“He came in and made some big hits early and gave our defence a little bit more of a personality,” Emry continued. “He’s done a great job at leading the guys and making sure everyone’s in the right position. Just being a leader by example.”
Newcomer Tristian Okpalaugo has been a force along the Argonauts’ defensive line and shows no signs of slowing down.
The defence has been as advertised in 2014, style wise. More aggressive in getting after opposing quarterbacks. Blitz packages have been plentiful and the defensive line has been, at times, overwhelming and getting better.
A year ago, the Argos had accumulated 16 sacks after 8 games. This season, they’ve tallied nearly fifty percent more, with 23, ranking them third in the CFL (Montreal and Calgary are close behind, it should be noted, each with a game in hand).
Rookie defensive end Tristan Okpalaugo (pronounced Opa-la-OOH-go) is among the league leaders in sacks, with 7, tied with Montreal veteran John Bowman and B.C.’s own super-rookie, Alex Bazzie, 5 quarterback pelts back of the league leader, Saskatchewan’s John Chick.
“A lot of great coaching, a lot of great play calls,” said Okpalaugo, modestly.
Along with second year tackle Cleyon Laing and first year line mates Aston Whiteside and Logan Harrell (with veteran Ivan Brown rotating in), the Toronto defensive line has been surging and Okpalaugo is hoping for more.
“I feel like we’ve come a long way from the first game. I feel like we have a ways to go but we’re headed in the right direction,” he said. “We’re going to get to a point where we’re unstoppable.”
Not all is rosy on that improving defence, however.
While the unit scales the heights in the categories mentioned above, it bumps along near the bottom in a category that is very important: Run defence.
Giving up an average of 5.6 yards per carry, the Argos rank just – and I mean just – ahead of both Winnipeg and Ottawa, who each give up a league worst average of 5.7. Ripped for 145 yards by the Lions’ Stefan Logan on Sunday night (sure, some of that was gotten on a tiring team that had also played just five nights earlier), Toronto’s average yield of 111 yards per game will only go up as teams begin to run even more on them.
That is, unless they can stiffen the ramparts. Emry says that is something that needs coordination between the front four and the linebackers.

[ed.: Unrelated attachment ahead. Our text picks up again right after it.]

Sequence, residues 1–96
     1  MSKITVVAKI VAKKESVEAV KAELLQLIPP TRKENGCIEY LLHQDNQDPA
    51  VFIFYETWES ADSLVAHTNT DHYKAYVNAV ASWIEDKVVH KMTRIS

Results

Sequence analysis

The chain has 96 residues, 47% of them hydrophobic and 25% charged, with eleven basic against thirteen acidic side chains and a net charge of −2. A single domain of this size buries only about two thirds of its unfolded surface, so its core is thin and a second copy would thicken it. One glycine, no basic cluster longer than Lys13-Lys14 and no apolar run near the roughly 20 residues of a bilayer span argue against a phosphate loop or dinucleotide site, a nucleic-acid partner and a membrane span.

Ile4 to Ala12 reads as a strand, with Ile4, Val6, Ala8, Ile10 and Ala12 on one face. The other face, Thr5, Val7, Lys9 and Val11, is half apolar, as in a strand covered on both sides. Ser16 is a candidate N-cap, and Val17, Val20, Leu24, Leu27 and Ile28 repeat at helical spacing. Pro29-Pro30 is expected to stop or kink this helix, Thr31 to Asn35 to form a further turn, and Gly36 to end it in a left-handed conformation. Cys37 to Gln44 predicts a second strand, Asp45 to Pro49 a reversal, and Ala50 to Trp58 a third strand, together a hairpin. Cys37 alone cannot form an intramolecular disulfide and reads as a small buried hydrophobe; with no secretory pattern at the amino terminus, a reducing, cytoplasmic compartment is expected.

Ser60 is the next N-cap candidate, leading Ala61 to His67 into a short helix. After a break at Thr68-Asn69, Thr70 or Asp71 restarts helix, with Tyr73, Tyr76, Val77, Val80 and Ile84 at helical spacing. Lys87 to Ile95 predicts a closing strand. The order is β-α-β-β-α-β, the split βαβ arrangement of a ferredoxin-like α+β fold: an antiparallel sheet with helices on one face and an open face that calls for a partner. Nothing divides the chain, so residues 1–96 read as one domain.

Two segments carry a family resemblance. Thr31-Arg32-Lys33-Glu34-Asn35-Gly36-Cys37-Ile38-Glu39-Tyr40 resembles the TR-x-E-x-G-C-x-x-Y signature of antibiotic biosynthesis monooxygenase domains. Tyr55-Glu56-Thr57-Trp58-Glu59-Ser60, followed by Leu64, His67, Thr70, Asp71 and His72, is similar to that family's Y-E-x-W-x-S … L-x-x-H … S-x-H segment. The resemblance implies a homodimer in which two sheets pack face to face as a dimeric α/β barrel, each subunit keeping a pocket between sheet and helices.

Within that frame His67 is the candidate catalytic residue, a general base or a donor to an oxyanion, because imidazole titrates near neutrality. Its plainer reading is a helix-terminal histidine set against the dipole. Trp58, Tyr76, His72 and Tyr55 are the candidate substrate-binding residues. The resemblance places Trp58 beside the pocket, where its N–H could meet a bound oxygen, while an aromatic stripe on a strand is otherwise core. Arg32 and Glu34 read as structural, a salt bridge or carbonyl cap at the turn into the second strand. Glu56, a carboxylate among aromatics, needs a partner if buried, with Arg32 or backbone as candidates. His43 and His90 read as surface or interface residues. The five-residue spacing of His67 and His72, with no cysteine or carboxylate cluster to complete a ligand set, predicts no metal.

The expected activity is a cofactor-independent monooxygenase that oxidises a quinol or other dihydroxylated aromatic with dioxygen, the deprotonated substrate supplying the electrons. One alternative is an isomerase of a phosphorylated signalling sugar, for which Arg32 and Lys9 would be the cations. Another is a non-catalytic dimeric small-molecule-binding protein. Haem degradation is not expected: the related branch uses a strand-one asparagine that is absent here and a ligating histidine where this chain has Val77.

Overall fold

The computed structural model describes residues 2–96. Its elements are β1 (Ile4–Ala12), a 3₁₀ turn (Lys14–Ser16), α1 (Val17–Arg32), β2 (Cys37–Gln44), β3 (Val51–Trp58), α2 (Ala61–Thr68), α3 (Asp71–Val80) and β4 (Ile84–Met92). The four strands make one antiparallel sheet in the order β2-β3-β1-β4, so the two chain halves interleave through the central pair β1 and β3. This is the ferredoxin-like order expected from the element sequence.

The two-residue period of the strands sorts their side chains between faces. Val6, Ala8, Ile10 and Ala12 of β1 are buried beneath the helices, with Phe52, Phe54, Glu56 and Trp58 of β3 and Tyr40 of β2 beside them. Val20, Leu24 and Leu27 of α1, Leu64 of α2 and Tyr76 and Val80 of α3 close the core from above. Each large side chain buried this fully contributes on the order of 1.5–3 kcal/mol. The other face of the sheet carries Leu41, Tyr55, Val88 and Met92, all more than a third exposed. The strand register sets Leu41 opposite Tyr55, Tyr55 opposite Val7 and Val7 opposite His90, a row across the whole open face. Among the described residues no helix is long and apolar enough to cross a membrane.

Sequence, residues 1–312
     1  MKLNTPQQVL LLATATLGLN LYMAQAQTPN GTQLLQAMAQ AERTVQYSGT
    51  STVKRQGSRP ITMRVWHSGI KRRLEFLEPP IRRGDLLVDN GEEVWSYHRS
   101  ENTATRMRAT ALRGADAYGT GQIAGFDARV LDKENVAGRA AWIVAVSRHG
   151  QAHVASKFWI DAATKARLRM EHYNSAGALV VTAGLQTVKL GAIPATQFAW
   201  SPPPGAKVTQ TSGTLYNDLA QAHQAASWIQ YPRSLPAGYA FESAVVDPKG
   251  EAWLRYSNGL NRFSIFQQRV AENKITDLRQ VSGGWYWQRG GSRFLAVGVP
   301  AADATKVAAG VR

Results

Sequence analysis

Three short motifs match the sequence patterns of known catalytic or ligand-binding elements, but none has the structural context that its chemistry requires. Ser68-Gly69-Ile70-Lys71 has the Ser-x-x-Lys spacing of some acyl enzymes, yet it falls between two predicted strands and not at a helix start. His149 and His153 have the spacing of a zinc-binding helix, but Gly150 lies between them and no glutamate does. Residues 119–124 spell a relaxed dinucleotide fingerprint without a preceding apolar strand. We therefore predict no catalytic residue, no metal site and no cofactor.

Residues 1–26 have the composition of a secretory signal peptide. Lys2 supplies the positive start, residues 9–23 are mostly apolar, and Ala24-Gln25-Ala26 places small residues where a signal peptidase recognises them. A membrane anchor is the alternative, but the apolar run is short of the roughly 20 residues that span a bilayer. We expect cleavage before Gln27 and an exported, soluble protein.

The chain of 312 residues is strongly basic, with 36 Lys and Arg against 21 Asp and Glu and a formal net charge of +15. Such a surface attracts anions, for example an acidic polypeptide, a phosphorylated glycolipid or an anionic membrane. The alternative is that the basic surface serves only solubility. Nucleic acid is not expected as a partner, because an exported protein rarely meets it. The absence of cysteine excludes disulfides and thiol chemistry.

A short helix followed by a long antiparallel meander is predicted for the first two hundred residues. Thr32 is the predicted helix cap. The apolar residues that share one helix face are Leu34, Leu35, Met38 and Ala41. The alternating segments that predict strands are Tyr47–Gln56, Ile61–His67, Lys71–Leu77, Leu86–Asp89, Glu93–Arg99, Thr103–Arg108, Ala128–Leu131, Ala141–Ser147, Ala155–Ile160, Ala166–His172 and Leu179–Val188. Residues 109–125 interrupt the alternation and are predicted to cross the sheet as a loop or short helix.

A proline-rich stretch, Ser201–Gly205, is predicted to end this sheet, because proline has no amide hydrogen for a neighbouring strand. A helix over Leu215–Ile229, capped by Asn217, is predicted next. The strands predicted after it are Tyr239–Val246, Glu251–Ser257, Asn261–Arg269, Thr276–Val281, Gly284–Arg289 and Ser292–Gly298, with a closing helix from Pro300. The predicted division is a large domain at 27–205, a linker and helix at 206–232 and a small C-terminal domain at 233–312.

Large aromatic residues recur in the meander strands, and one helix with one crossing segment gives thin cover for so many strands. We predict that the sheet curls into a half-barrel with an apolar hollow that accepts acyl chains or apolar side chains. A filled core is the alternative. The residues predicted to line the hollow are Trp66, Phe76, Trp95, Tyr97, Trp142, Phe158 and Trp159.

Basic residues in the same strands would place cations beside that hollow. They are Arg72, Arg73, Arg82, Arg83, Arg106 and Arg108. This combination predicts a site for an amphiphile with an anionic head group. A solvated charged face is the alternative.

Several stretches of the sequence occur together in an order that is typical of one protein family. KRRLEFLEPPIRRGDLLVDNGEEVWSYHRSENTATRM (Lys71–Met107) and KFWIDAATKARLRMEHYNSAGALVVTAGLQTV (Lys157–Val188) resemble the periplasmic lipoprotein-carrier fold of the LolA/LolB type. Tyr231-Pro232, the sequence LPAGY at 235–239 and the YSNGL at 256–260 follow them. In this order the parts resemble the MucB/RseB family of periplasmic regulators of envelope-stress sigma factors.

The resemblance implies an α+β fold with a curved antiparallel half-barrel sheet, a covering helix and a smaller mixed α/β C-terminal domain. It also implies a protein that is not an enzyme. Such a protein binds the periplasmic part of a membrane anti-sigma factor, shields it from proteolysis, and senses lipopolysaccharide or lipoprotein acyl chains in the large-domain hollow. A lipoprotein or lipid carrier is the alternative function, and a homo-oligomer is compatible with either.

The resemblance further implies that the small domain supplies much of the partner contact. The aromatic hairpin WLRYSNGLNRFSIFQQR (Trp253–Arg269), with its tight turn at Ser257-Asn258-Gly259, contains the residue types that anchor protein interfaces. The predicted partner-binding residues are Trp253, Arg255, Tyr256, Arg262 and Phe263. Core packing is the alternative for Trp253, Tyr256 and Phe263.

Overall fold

“With regards to stopping the run, we really need to be improve on playing together as a unit and that’s what we’re focussing on. Making sure those guys and the linebackers are all making our fits and being in the right gaps.”
“The guys take a lot of pride in stopping the run. It’s the fun part of the defence ‘cause once you stop the run you’ve earned the right to get after the quarterback. We just need to make sure that that’s our mindset.”
Beginning the year with all those new faces on defence meant that Emry and his mates needed time to get to know each other’s tendencies, strengths and moods. Seems that part of building a defence may have been accomplished.
“Personalities shine through on game day,” said Emry, adding that Argo defenders now know each other well. “Learning how to interact has been a fun process.”
The Extra Point
Okpalaugo isn’t getting caught up in his heady sack stats.
“I feel like I’m not doing as great as I should be right now,” he said.
Currently, the 24 year old native of Livemore, California is relying on plain old speed and strength to get to the quarterback.
“I haven’t been working a lot of moves,” he explained. “I have a lot to focus on. The coaches keep telling me ‘you know what you’re supposed to do, you gotta just do it.’ I’ve got the technique, I’ve got the tools. I’ve just got to use them.”
Through college, Okpalaugo played almost exclusively at left end. Being flipped to the right side as an Argo hasn’t seemed to faze him at all and there may yet be more upside coming.